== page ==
A Question for the Gods: The Poetry of Ban'yu Natsuishi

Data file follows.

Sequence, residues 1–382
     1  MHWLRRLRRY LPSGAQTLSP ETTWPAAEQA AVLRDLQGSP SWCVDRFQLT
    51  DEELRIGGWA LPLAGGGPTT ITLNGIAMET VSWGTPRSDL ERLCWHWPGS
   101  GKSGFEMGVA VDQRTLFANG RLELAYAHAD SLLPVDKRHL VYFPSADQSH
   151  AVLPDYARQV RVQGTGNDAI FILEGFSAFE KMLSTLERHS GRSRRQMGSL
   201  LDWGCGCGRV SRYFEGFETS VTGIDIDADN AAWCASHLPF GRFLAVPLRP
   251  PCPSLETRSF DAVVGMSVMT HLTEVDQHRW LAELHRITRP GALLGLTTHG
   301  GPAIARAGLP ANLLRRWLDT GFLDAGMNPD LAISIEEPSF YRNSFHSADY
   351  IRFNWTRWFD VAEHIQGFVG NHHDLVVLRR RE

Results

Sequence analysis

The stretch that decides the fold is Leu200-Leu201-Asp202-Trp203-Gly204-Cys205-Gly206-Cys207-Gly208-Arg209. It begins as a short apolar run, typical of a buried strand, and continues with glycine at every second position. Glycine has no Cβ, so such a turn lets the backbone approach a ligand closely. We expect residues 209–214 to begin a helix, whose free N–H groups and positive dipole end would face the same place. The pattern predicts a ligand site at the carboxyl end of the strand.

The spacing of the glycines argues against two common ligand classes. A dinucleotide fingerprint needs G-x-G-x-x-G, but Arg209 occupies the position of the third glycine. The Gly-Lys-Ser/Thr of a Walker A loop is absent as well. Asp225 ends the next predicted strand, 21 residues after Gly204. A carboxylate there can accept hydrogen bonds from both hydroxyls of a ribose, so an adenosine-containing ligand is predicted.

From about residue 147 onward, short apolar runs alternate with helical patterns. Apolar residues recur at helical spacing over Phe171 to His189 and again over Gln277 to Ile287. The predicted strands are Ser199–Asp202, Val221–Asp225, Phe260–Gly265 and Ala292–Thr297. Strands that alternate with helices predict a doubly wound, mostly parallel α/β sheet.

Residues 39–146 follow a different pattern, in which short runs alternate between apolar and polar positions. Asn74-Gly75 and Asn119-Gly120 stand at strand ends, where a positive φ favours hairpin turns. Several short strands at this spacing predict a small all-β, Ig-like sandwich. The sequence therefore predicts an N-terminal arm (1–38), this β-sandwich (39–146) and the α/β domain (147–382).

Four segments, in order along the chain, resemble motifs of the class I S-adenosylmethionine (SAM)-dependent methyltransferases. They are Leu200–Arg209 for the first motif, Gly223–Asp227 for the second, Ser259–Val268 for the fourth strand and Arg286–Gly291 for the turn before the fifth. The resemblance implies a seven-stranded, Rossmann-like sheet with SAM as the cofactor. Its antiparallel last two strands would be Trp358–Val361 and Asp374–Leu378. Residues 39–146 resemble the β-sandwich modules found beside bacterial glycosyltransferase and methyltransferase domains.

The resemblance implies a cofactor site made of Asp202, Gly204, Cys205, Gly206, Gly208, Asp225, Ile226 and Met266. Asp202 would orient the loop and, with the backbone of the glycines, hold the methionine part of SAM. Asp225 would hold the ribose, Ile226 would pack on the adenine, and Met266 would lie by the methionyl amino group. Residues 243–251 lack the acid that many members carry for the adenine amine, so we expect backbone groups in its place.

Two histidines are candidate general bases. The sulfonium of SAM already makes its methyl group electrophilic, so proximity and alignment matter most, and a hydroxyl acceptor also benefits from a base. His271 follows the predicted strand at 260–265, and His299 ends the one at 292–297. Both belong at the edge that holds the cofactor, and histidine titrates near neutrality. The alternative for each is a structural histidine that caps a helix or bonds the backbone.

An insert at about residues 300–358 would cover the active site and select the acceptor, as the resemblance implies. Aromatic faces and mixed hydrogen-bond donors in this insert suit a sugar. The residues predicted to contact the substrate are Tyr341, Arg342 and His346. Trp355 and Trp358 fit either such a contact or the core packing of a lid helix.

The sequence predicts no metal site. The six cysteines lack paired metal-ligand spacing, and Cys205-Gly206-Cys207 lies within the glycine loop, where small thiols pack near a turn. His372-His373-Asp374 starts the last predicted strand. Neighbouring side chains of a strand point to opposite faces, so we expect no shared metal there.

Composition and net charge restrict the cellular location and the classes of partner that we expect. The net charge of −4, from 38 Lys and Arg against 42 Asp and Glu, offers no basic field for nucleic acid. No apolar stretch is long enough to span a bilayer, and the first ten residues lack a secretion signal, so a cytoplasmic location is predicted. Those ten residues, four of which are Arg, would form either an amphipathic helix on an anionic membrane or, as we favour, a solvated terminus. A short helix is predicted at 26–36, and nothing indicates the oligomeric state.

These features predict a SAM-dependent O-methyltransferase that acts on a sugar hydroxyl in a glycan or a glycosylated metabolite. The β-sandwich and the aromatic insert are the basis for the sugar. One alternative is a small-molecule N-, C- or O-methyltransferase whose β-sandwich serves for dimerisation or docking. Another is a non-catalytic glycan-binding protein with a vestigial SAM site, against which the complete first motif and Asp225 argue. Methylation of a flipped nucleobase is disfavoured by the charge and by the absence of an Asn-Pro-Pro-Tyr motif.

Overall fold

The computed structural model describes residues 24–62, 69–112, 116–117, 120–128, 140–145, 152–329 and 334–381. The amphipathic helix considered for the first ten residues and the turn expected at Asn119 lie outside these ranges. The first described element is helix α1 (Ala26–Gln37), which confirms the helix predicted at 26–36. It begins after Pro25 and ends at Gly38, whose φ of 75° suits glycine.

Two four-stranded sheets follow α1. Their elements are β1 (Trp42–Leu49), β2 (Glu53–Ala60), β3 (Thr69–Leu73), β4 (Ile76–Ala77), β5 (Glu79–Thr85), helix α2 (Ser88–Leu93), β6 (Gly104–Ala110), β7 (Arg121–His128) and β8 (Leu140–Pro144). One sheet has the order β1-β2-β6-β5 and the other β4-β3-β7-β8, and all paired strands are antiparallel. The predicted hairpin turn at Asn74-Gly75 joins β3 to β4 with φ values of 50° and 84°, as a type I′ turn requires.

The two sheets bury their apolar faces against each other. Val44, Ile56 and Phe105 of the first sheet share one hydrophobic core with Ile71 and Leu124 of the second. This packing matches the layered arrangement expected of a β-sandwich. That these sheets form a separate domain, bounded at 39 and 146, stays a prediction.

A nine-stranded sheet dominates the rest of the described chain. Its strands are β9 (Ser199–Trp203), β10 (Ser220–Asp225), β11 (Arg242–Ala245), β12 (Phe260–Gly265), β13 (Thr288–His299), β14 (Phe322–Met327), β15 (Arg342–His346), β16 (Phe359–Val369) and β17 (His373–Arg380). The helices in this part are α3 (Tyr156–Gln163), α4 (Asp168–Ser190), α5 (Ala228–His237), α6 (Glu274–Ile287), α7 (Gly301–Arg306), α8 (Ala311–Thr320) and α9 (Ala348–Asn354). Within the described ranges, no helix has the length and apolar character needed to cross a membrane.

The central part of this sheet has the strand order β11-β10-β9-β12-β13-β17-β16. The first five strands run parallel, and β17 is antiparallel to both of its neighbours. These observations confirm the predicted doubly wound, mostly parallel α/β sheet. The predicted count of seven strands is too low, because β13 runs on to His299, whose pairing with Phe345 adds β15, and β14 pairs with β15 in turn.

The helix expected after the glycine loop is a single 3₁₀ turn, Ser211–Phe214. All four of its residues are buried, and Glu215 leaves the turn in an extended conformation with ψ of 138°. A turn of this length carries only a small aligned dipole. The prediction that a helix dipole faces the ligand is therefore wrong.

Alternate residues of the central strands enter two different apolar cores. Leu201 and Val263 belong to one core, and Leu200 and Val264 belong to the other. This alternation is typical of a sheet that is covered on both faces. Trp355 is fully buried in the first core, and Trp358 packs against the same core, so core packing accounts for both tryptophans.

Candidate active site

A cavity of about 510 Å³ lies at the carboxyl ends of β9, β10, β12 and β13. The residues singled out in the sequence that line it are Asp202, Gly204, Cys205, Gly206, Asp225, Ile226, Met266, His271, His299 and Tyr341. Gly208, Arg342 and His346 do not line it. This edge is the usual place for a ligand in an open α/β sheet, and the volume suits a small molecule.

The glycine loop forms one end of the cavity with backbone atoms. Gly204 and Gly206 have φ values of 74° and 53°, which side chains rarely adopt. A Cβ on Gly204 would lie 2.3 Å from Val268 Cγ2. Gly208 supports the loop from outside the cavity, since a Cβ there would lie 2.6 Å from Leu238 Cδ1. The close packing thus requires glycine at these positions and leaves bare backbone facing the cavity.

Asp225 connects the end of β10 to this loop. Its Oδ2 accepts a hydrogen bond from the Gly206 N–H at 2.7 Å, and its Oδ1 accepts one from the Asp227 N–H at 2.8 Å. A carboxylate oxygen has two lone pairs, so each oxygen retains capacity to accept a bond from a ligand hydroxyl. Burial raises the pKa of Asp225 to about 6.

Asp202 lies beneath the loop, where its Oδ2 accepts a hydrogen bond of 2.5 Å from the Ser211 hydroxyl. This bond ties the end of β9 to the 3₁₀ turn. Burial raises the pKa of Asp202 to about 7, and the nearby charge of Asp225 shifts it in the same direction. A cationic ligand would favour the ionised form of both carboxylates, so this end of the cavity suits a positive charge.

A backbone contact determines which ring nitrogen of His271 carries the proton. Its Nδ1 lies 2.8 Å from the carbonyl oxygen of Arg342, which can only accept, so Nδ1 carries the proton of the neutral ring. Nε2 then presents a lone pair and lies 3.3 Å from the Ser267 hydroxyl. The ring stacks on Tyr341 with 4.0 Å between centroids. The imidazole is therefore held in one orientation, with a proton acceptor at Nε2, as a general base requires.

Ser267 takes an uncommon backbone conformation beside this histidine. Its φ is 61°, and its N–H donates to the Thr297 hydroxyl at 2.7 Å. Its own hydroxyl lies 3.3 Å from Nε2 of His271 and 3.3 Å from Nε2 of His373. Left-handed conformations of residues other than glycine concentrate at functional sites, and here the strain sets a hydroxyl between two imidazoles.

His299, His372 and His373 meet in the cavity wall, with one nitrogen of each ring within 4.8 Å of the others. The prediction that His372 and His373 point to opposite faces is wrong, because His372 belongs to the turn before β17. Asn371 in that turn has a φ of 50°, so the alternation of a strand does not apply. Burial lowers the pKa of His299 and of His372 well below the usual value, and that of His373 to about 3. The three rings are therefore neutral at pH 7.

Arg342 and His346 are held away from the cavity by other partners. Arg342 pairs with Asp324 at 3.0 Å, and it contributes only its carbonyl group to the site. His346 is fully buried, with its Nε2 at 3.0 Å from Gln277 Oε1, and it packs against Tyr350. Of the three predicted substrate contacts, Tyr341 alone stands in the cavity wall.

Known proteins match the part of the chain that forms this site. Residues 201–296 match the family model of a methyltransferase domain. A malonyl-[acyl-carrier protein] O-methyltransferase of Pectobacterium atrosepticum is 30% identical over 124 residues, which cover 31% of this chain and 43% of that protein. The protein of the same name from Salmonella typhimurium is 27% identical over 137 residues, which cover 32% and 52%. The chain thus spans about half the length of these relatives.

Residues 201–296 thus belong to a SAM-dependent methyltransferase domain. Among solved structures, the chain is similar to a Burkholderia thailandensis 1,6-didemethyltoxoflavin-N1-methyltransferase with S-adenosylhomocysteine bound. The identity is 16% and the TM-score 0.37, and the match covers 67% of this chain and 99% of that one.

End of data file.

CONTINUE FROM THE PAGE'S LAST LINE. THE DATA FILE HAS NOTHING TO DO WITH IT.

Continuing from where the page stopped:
A Question for the Gods: The Poetry of Ban'yu Natsuishi By Patricia Prime I first came to the haiku of Ban'yu Natsuishi through his international and multilingual haiku magazine Ginyu, which has contributors from all over the world, although it is predo